Bond markets have always been the favorite asset class in global markets as substantiated by the fact that bond (debt) markets comprise two-thirds of total securities traded. In fact, the size of the global bond market is almost twice that of equity or stock markets. It is hard to imagine that the biggest debt market fund house (Pacific Investment Management Company known as PIMCO) has an asset under management of about $1.9 trillion which was almost the size of India’s GDP in 2014-15.
What is bond trading & how it helps stock traders?
Though the debt market has flourished in India over the years, the larger market is dominated by institutional investors with very limited access to retail investors. However, with the initiation of bond trading on Indian exchanges, retail investors have now an open platform to invest/trade in government bonds. While online trading bonds seems to be fascinating, it can turn out to be trickiest of all. With the increasing opportunities to participate in secondary bond markets to generate decent returns, it is important to have know-how of underlying of bond market.
Understanding bond prices
Let’s assume a bond with a face value of Rs 100, an annual coupon of 10% and a maturity of 10 years. This bondholder will receive a coupon of Rs 10 every year for Bond markets 10 years with a principal repayment at the maturity of the bond. However, these bonds are traded in the secondary markets where they can trade above or below face value (Rs 100 in this case), depending on interest rate or other factors. If the market interest rate rises above the bond coupon rate after the issue of the bond, it will trade below face value (below Rs 100) and vice versa.
Simply put, in a rising interest rate environment, investors get higher interest rates from the newly issued bonds as compared to the previously issued bonds, so old bonds tend to sell at a discount whereas in a falling interest rates scenario, newly issued bonds will be paying lower interest rate as compared to older bonds, and therefore older bonds tend to sell at premiums (over face value) in the market. Hence, on a short-term basis, a bond portfolio can be benefited if interest rates drop and any rise in rates may hurt the portfolio value. For a bond trader, it becomes extremely important to understand the nuances of interest rate implications on bond prices as online trading bonds in secondary markets can become as risky as equities or stock market.
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Measuring movement in bonds: Duration
As we understand now that there exists an inverse relationship between bond price and yield, the key to online trading bond is knowing how much a bond’s price will move on any changes in interest rates.
In order to estimate sensitivity of a bond with respect to interest rate movements, the bond market uses the concept of duration. Duration is always expressed in number of years, which indicates the time in which an investor gets the capital/principal back. In other words, duration is a weighted average of the present value of all cash flows of a bond, which include coupon payments and the principal repayment (face value) to the bondholder at the time of maturity of the bond. Typically, duration is generally less than the maturity of the bond.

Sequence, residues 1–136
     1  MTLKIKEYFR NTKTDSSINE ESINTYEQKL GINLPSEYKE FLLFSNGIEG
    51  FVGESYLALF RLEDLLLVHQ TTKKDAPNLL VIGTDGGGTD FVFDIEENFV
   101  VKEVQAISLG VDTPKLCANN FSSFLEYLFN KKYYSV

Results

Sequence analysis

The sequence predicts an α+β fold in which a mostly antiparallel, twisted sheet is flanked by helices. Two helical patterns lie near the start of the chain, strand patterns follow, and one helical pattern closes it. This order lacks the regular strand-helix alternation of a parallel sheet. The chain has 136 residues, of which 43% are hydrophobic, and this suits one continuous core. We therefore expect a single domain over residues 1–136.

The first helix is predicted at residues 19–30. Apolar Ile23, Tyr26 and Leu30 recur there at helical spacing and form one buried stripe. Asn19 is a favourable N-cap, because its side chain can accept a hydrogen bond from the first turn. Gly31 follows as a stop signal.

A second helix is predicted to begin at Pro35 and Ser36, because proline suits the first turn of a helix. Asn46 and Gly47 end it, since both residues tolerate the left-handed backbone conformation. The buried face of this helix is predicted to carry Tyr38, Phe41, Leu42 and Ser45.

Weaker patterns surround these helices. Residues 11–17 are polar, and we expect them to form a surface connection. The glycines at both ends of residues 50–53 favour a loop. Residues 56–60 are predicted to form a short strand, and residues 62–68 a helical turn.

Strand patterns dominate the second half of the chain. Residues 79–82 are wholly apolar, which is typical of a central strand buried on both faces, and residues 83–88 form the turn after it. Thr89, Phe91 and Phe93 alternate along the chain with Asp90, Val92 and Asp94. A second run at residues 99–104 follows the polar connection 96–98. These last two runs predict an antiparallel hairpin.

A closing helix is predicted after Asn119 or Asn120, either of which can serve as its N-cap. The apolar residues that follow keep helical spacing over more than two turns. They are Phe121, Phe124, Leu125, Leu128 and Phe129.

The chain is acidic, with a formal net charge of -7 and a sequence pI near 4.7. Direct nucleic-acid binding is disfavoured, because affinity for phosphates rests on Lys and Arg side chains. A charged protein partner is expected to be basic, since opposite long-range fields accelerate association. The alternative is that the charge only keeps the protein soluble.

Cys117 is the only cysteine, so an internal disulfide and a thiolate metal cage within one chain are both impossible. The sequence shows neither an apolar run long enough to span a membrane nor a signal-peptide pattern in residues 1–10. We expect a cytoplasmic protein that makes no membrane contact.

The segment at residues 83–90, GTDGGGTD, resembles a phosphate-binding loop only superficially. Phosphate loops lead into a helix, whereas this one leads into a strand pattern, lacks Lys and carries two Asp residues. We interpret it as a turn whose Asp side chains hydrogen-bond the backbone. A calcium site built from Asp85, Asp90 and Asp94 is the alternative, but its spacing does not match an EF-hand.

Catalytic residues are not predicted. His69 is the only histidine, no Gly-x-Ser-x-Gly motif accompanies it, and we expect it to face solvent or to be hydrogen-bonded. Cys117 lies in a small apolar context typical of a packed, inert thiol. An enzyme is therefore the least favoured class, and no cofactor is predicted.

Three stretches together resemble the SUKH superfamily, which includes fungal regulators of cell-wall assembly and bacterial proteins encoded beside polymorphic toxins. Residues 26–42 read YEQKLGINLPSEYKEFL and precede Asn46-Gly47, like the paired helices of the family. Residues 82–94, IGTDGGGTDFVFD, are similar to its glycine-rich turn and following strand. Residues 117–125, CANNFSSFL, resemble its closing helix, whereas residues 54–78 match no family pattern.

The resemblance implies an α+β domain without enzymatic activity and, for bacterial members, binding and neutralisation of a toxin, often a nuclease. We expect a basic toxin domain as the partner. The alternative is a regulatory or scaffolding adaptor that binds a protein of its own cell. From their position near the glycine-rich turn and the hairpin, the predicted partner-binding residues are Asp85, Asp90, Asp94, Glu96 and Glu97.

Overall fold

Now how does an investor assess the risks with the help of duration. Duration indicates the approximate change in bond prices with every 1 percent move in interest rates. For instance, with one percent fall in interest rate, bond prices will move up by approximately 2 percent for a two-year duration bond. As a technique, duration of a bond portfolio should be reduced by shifting to short-term bonds which are less sensitive to rising interest rates and hence would minimize portfolio losses while duration of a bond portfolio should be increased at times of falling rates to get maximum benefit from rise in bond prices in a portfolio.
Yield of a bond is your return, not coupon: In secondary market, an investor should make an investment decision on the basis of yield which is the actual return rather than the coupon of the bond. Yield of a bond is calculated by the coupon of a bond as a percentage of prevailing bond prices. For instance, a 10% coupon bond may give 9% return only, if the bond price has gone up since the time it was issued, whereas a 9% coupon bond may end up giving 10% return if the bond price has fallen since the time the bond was issued.
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Interest rate cycle of the economy: Though one of the trickiest jobs on the street, a retail investor should try to analyze the trends in the rate of interest to be successful in bond market. An investor can generate excellent returns from investing in bonds if he/she identifies an interest rate cycle correctly. Since bond prices tend to rise in a falling interest rate environment, it would be beneficial for an investor to buy bonds at the start of such an interest rate cycle. So the ideal time to buy bonds from the secondary market is when you have a view that the rate of interest has peaked. For an investor holding bond till maturity, the change in rate of interest does not matter.
As a retail investor, it is important to understand these concepts well before entering in online trading of bond market. On the face of it, bond markets are low risk profile investments; however, failing to understand the risk elements can cause significant loss to a small investor in secondary market.